Fact: This year, and in the recent haze event in 2015 for which better data is available, there were few fires in Malaysia. The forest area burned on an annual basis is small and often negligible. In 2012, for when the last FAO data is available, 500 ha was burned.
The fires spread for two reasons. The first is because of exceptionally dry seasons. Lower rainfall means there is a large amount of flammable material such as forest litter. The second is because of degraded peatland. Dry peat is a very flammable material that can smoulder for weeks. The fire can ‘jump’ from smallholder areas into concessions, effectively underground through degraded peat.
Moreover, the Miri Fire and Rescue Department in Sarawak confirmed recently that the ban on open burning is enforced in Sarawak.
BBC wants you to think that 10 hotposts in Sabah and Sarawak are a lot…
False. It’s worth pointing out that there are thousands of hotspots in other parts of the region and around the world right now. In Europe, more than 1,900 hotspots were accounted for on 16th September 2019 and in Australia, more than 1,000 hot spots in a single day – and yet, it is the 10 hotspots in Malaysia that the BBC focuses on: the very definition of Fake News.
BBC Claim #2: “Many farmers take advantage of the conditions to clear vegetation for palm oil, pulp and paper plantations using the slash-and-burn method”
Fact: In developing countries, fire is used as a way of claiming land that is assumed vacant. For many of these squatter farmers in Indonesia, this is vital, simply because titling and land tenure systems can be particularly weak.
Despite what is implied by NGOs and media reports, oil palm plantations are usually not the source of burning. Fires will spread to areas that have been designated for plantations, either via fire spreading from smallholder areas, or because farmers have encroached onto existing concessions.
In 2013, just 20% of fires were reported as starting in oil palm areas. The remainder – the vast majority – were from natural forest areas, pulp and paper plantations, and other market crop areas. The one major company that has been held responsible by Singaporean authorities for the haze in 2015 was a pulp and paper company – not a palm oil company.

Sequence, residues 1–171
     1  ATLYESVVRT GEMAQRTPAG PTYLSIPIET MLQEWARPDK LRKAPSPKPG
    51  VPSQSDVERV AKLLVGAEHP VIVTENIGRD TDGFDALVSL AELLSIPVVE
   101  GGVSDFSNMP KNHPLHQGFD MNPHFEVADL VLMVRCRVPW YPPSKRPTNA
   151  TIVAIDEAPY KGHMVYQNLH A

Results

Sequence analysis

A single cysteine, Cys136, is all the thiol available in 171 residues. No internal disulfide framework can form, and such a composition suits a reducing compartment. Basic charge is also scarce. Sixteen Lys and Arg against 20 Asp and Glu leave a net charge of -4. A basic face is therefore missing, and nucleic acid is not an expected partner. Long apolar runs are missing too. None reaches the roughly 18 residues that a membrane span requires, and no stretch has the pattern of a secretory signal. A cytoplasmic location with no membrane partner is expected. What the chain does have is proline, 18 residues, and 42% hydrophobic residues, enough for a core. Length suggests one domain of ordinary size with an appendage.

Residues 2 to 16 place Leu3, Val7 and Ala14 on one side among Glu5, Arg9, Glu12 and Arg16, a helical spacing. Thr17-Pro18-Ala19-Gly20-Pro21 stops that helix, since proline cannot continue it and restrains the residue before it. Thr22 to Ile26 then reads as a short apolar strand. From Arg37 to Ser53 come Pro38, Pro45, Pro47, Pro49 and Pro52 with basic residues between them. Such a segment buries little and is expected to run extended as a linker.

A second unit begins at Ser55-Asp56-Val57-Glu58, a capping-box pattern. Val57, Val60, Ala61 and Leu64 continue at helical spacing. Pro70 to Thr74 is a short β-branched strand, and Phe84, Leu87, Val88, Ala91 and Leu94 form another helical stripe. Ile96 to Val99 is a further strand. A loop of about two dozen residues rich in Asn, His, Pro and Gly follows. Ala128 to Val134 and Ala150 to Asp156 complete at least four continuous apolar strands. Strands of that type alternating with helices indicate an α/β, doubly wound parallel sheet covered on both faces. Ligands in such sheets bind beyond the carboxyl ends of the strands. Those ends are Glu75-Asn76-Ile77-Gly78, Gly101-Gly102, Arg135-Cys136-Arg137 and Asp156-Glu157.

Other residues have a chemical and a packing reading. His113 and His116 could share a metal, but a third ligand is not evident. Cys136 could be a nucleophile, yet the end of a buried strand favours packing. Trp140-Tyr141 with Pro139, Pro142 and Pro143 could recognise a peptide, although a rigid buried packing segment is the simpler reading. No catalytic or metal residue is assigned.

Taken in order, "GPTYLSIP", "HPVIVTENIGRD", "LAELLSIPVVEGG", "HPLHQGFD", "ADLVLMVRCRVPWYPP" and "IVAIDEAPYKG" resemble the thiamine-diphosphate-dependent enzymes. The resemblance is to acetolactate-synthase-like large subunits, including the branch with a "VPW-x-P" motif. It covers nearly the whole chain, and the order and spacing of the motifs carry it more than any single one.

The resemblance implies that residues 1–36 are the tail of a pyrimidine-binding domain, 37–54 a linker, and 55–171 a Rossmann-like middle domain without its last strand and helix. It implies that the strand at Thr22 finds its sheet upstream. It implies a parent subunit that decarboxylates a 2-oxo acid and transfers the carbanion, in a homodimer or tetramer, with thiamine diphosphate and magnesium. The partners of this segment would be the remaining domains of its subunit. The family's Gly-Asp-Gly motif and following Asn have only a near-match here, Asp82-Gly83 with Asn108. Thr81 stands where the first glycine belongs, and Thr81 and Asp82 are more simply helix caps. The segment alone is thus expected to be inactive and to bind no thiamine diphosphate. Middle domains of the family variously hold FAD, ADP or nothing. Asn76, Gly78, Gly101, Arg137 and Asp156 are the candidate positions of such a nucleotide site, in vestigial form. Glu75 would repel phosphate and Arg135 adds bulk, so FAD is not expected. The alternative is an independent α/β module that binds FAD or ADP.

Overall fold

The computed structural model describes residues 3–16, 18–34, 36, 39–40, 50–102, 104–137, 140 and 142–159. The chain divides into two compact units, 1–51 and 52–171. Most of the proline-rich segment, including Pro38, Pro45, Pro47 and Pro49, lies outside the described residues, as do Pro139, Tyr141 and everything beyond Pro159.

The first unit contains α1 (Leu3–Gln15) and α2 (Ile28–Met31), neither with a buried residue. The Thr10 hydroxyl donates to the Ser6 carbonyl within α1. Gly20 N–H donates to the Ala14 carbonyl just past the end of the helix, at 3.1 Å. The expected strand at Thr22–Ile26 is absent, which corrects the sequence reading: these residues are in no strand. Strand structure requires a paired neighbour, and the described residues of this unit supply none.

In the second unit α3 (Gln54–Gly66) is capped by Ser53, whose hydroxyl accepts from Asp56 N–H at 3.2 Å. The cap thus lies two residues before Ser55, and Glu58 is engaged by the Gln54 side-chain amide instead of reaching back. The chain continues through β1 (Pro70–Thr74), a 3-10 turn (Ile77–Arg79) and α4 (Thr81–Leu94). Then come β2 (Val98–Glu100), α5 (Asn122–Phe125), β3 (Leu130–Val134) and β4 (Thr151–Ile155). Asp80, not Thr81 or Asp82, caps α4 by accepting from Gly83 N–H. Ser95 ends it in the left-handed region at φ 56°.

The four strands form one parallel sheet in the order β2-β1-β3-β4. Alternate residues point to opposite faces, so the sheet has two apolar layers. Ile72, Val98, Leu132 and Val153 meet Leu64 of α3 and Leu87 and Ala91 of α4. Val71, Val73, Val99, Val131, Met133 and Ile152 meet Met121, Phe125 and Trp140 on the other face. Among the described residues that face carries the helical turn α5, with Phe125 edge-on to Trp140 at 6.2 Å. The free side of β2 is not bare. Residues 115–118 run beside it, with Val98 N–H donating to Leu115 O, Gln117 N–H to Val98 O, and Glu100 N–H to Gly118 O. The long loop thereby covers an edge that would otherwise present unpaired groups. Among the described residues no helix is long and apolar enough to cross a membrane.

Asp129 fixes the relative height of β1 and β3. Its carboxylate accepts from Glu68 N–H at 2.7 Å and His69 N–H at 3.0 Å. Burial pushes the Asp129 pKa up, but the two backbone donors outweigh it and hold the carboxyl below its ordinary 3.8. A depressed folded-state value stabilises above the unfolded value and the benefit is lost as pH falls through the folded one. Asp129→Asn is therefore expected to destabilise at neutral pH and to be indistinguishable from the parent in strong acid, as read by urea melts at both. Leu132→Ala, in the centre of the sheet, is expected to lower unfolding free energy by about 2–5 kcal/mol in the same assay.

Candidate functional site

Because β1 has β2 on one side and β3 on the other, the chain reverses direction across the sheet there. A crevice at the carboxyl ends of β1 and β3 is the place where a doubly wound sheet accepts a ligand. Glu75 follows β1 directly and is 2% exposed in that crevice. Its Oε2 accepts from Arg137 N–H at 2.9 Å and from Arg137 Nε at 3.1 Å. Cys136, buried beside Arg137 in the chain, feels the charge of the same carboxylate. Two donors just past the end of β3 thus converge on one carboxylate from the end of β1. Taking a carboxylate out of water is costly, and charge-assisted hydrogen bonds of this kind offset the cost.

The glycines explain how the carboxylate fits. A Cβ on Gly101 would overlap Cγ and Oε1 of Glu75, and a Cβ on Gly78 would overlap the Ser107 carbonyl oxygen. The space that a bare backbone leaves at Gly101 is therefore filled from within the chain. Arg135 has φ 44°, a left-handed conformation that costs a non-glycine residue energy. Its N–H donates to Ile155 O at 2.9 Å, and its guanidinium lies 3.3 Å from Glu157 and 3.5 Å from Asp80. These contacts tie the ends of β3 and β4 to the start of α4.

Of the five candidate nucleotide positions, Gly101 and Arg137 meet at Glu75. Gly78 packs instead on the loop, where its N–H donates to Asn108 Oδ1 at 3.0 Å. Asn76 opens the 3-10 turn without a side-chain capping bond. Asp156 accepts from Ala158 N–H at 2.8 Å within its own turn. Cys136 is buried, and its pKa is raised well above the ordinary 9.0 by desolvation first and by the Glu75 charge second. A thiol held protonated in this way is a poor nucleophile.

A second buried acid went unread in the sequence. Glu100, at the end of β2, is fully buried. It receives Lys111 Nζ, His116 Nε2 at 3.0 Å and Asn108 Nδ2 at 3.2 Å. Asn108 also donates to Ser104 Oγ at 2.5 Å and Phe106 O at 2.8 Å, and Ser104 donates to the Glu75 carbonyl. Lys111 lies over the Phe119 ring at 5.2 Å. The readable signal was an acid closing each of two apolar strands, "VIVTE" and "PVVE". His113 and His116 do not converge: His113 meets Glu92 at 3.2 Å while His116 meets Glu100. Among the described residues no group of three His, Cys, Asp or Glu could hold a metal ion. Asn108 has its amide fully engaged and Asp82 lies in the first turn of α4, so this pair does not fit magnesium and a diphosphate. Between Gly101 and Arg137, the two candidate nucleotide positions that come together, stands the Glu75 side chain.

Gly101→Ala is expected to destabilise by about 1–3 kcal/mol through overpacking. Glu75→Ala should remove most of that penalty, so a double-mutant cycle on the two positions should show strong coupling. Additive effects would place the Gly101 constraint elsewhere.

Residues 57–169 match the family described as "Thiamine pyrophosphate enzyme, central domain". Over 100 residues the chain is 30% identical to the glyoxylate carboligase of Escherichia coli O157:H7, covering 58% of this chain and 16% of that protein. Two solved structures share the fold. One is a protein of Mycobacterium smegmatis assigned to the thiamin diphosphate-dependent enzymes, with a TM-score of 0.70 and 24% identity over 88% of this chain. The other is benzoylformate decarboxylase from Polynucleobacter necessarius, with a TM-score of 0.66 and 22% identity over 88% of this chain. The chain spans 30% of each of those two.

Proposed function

There’s another problem with this BBC claim: farmers do not grow trees for pulp plantations. They are simply not profitable enough for farmers. They will grow any other number of trees for fruit or rubber, but pulp logs are not one of them. This exposes a high level of ignorance by the BBC’s reporters.
BBC Claim #3: “The problem has accelerated in recent years as more land has been cleared for expanding plantations for the lucrative palm oil trade”
Fact: This is inaccurate on a number of levels. In Malaysia, using fire for clearing land is illegal and is punished with jail sentences and heavy fines. There is a blanket prohibition on burning of peatlands.
Oil palm plantations are not expanding in Malaysia. The Malaysian Government announced last year that Malaysia halted expansion of oil palm plantations, effective immediately. This further protects Malaysia’s already expansive forest area.
Moreover, Malaysia has instituted world-leading environmental conservation efforts: including a cap on expansion of oil palm; implementing the Malaysian Sustainable Palm Oil (MSPO) standard; and a commitment to preserve 50% of land as forest area, first made at the Rio Earth Summit in 1992 and still kept today. Malaysia’s commitment to environmental protection is as good as – if not superior to – the European Union.
Reuters Claim #1: “Malaysian palm oil companies are responsible for the haze in Indonesia”
Critics of the Malaysian industry claim it is responsible for the fires in Indonesia. Many major Malaysian plantation companies do invest in companies and other joint ventures in Indonesia. But major Malaysian companies do not use fire to clear land. ‘No burn’ policies are implemented across all plantations. Fires on plantation lands harm business operations as they result in criminal liability, crop damage, worker health problems and reputational problems. No palm oil company has an incentive to start fires.
Malaysian Palm Oil Association (MPOA) Chair Franki Anthony Dass confirmed that the fires were not caused by Malaysian companies or by their staff. This was also confirmed by the Minister of Primary Industries Ms. Teresa Kok.
Malaysians themselves are not angry about Palm Oil this year. They have learned the facts about the last major haze event, and that many of the problems lie in the fact that Indonesia simply does not have the resources to deal with the problem.